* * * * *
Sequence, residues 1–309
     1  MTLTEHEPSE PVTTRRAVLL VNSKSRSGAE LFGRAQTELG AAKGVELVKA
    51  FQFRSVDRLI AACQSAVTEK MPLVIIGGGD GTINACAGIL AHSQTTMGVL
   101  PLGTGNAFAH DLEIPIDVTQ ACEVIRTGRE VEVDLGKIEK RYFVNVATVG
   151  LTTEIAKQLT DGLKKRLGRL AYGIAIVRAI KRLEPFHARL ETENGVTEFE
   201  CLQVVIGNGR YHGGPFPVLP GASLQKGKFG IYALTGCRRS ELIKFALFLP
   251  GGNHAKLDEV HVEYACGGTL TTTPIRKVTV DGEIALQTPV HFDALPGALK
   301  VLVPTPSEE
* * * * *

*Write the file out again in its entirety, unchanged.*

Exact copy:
Sequence, residues 1–309
     1  MTLTEHEPSE PVTTRRAVLL VNSKSRSGAE LFGRAQTELG AAKGVELVKA
    51  FQFRSVDRLI AACQSAVTEK MPLVIIGGGD GTINACAGIL AHSQTTMGVL
   101  PLGTGNAFAH DLEIPIDVTQ ACEVIRTGRE VEVDLGKIEK RYFVNVATVG
   151  LTTEIAKQLT DGLKKRLGRL AYGIAIVRAI KRLEPFHARL ETENGVTEFE
   201  CLQVVIGNGR YHGGPFPVLP GASLQKGKFG IYALTGCRRS ELIKFALFLP
   251  GGNHAKLDEV HVEYACGGTL TTTPIRKVTV DGEIALQTPV HFDALPGALK
   301  VLVPTPSEE